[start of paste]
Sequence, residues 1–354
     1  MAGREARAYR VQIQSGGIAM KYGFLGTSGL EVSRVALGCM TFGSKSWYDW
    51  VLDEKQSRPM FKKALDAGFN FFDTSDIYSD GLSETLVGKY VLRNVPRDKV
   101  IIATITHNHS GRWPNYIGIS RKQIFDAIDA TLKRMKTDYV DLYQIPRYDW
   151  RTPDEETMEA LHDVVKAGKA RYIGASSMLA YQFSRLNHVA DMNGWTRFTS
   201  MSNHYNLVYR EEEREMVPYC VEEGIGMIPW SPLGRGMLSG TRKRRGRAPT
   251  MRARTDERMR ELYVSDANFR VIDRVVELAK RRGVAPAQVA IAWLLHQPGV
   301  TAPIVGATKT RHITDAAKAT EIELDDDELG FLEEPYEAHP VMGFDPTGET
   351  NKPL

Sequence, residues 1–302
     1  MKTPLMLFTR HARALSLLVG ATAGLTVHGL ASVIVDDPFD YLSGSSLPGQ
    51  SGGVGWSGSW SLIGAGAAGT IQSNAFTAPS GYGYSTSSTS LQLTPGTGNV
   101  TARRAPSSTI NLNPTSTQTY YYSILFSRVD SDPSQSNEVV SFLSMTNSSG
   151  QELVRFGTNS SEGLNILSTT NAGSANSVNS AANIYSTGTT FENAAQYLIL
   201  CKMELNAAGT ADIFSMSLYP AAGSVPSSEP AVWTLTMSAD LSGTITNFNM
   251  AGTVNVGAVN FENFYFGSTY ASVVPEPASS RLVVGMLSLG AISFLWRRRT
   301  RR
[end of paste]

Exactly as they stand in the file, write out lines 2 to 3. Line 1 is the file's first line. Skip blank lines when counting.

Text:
     1  MAGREARAYR VQIQSGGIAM KYGFLGTSGL EVSRVALGCM TFGSKSWYDW
    51  VLDEKQSRPM FKKALDAGFN FFDTSDIYSD GLSETLVGKY VLRNVPRDKV